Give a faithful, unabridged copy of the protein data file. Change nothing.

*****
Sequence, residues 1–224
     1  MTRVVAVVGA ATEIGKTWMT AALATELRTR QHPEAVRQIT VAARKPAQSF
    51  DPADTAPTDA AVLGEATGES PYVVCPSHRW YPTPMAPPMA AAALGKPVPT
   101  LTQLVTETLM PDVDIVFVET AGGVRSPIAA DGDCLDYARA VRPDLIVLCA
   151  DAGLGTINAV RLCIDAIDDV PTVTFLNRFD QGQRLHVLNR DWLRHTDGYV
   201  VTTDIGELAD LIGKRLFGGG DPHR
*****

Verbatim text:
Sequence, residues 1–224
     1  MTRVVAVVGA ATEIGKTWMT AALATELRTR QHPEAVRQIT VAARKPAQSF
    51  DPADTAPTDA AVLGEATGES PYVVCPSHRW YPTPMAPPMA AAALGKPVPT
   101  LTQLVTETLM PDVDIVFVET AGGVRSPIAA DGDCLDYARA VRPDLIVLCA
   151  DAGLGTINAV RLCIDAIDDV PTVTFLNRFD QGQRLHVLNR DWLRHTDGYV
   201  VTTDIGELAD LIGKRLFGGG DPHR